Picture: From the Sir Charles Grandiose Archives

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April 4, 1997

From the correspondence of Hermione, Duchess of Eggers.

To: Lady Phillis Chistake
Bredington House

Dear Philly,

Picture: The Soaking Cheeke CureI am so glad you recommended that I come to this quaint town of Cheeke for the Cure. There honestly is nothing like it to revive one's flagging spirits. And my dear, I don't mind admitting that the male nurses are so strapping and handsome that I hardly notice the colonics!

Unfortunately, I seem to have come at a bad time of year. The natives of quaint Cheeke celebrated some sort of local feast, this past Tuesday. The entire town was simply packed with tourists and old students from the local school of Cosmetology and Penmanship, all come to see the highlight of the celebration, a re-enactment of the ride of Lady Godiva. I arrived on the eve of the event, and found that I could not, as I had assumed, lodge in the town's premier establishment. In fact, my dear, the only rooms left were at something called the Lolling Tung Moto-Hotel. The proprietor, however, seemed eager to please someone of my undeniable stature, though he was a trifle distracted. The man keeps wandering about, mumbling, "The minion with the bunion gets the grunion with the onion. . . ." I fear the man is slightly touched. After the third time, while I was checking in, the man's wife snapped, "And the vessel with the pestle has the brew that is true." Do you suppose it is a new sort of parlour game?

When I was walking down to the Spredd Cheeke Center for High Colonics and Mineral Waters (Mr and Mrs Spredd send their compliments, Philly, and encourage us both to remind others of their slogan: "It All Comes Out In The End"), I ran into Lady Rebecca Martingale-Bridoon of Tung-in-Cheeke--you remember, the one with that most remarkable dog that could intimidate a chambermaid to make a bed in twenty-seven seconds flat--and while we exchanged pleasantries, I got the 'whole scoop,' as it were, on the day's events. Apparently, desperate for someone to judge the contest, they engaged quite a minor peer (a baronet, or something . . . can you imagine?). I cannot remember his name. Sir Charles Grumpious, or something along those lines.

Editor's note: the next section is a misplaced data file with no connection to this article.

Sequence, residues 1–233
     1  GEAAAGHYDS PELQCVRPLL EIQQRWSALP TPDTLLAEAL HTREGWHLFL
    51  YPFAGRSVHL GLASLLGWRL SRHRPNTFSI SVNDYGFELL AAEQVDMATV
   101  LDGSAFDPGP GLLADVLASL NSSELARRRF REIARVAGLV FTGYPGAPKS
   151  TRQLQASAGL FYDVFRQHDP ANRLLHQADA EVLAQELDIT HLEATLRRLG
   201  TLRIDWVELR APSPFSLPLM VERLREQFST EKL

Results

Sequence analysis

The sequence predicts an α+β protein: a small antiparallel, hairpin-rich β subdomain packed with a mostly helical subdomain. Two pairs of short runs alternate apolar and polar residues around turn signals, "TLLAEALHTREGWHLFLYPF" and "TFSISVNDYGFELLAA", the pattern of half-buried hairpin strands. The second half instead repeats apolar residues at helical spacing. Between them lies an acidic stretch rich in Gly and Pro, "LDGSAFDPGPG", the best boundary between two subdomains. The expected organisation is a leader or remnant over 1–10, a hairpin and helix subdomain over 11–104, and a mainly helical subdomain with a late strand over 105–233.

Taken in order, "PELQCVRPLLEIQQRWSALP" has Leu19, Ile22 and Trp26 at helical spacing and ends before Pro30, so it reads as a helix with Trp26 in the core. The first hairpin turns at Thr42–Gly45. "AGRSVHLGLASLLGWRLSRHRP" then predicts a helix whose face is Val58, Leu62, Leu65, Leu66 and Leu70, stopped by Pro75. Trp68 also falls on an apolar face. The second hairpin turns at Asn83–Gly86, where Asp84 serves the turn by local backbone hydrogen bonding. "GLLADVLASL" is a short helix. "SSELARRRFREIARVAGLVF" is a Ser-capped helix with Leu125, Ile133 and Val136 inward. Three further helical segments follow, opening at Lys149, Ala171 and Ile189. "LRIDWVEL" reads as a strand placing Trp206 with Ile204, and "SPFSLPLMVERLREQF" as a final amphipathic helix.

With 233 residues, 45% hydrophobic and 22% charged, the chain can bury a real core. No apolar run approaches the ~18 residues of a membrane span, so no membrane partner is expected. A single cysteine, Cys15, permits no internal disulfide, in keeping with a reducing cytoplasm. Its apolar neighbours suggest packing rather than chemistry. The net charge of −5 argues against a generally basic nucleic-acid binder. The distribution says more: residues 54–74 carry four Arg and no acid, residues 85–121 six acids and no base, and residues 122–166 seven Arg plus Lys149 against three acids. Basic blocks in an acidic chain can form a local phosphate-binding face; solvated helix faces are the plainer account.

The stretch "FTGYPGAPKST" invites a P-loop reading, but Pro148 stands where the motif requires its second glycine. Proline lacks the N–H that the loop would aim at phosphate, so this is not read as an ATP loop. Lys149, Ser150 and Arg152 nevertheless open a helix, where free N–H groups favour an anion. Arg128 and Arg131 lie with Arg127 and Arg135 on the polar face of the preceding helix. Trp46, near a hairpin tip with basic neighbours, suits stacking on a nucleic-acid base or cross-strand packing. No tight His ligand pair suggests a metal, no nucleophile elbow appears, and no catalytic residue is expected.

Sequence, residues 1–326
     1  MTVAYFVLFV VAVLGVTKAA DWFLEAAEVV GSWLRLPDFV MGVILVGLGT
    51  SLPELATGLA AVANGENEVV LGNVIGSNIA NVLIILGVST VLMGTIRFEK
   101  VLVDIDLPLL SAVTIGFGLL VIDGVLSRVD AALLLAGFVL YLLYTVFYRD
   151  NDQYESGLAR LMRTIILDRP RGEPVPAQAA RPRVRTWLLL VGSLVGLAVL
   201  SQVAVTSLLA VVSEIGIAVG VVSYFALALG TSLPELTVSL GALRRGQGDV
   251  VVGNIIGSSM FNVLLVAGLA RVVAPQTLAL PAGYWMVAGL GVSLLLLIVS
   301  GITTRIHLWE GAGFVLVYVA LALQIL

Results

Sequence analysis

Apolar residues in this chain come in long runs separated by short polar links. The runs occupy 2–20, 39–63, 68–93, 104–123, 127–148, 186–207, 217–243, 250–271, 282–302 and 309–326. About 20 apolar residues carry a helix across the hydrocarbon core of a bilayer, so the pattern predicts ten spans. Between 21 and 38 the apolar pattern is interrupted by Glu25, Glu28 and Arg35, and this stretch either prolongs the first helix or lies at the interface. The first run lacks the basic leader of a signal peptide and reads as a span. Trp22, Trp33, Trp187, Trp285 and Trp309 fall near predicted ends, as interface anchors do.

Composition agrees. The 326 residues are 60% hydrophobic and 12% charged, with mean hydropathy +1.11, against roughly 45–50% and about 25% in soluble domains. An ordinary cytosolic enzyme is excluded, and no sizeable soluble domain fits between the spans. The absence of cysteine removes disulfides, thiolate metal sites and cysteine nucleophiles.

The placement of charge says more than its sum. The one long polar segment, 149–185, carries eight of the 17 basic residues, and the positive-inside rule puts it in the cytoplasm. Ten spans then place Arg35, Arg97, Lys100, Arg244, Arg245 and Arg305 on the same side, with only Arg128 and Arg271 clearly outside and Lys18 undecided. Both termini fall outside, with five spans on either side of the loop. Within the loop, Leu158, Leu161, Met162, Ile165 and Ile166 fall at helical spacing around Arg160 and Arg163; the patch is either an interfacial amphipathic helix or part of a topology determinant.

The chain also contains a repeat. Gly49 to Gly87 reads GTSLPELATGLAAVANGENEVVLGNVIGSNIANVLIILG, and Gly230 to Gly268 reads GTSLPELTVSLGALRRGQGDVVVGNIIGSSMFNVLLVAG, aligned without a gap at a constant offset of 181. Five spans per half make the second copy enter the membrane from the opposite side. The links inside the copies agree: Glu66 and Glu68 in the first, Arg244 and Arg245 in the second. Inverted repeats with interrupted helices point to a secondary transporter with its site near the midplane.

She pointed him out to me; my dear, if Mr. Webster were to ask me to provide a line-illustration of the word 'lecherous' for his dictionary, I would immediately sketch this Grumpious fellow. There was no mistaking the look in his eye as he mingled with the historically-garbed Cheekey revellers and goosegirls and minstrels and choristers. In fact, if you get my implication, Philly, he brought an entirely new meaning to the word 'goosegirl,' even as I watched!

Lady Rebecca begged me to stay and watch the festivities, as she promised that there was a surprise entrant in the Lady Godiva Re-enactment--a former graduate of the School of Cosmetology and Penmanship. Well, I could hardly say no to the woman. She talks too much.

The procession was lovely. I admit, Philly, that I even got into the spirit of it all, yelling "Turn! Turn! The other Cheeke!" with the townsfolk in the way their ancestors did, to inform Lady Godiva that she had come to the wrong town. The contestants, uniformly shapely and beautiful, sat astride their white horses (or, in one instance, a saggy old ass) and ambled by, eyes serenely on the distance while that grotty old Sir Charles Grumpious ogled them. A keen judge, my asphodel! The letch needed a drool bucket strapped to his ears. Thank goodness the young ladies were too busy looking serene to notice him.

Then Lady Rebecca tugged the sleeve of my tweeds. "Our surprise entrant," she said. "She just happened to be in Bath last night. Felicia Windover, one of our best ex-pupils!" Simultaneously, this Grumpious fellow shouted out, "By G-d! Lady Felicia?" and the woman of middle age with a firm seat on her mount lost her composure completely, saw who was doing the judging, and cried, "Husband!"

Such a scandal, Philly! But we hardly had time to notice, as Sir Charles Grumpious' desperation to cover his wife's nakedness forced him to grab an extensive piece of canvas from a nearby cart. Unfortunately, it was from a Hot Tung Roll vendor, and the burning lard caused the cart to ignite, which then spread to a house, and then to a stable, and I am afraid to report that the Cheeke of Tan Chinese Restaurant which you so highly recommended I visit is now permanently out of commission.

Oh, but Bjorn is here, informing me that my sulphur colonic is warm and ready to go. You remember Bjorn. Yes, the one with the tattoo. No further news, save that no one has seen either this dubious baronet or his wife since. Why, he even abandoned his minions, leaving them at the Lolling Tung Moto-Hotel. They seem to be having a nice vacation though, as is your dutiful correspondent,

Hermione, Duchess of Eggers

Ewan McEwan writes:

Picture: A Fine ConveyanceSir Charles,

I am Ewan McEwan, Chief of Clan McEwan. Having introduced myself let me swiftly move to counter those rumours the vile Rodrick Ralph Cameron is spreading about my good self. Despite what you may have heard concerning the 'incident' at Edinburgh Castle's Restaurant, I can assure you I was merely instructing Miss Carmichael, our delightful waitress for the night, on the correct way to pour from a magnum. We had moved into the storeroom because Miss Carmichael had not wanted the charming owners of the restaurant to see that there was in fact bronze in the silver service. For some reason it was rather warm in the storeroom that night, so we had both loosened a few clothes--but nothing improper, as I am sure you understand.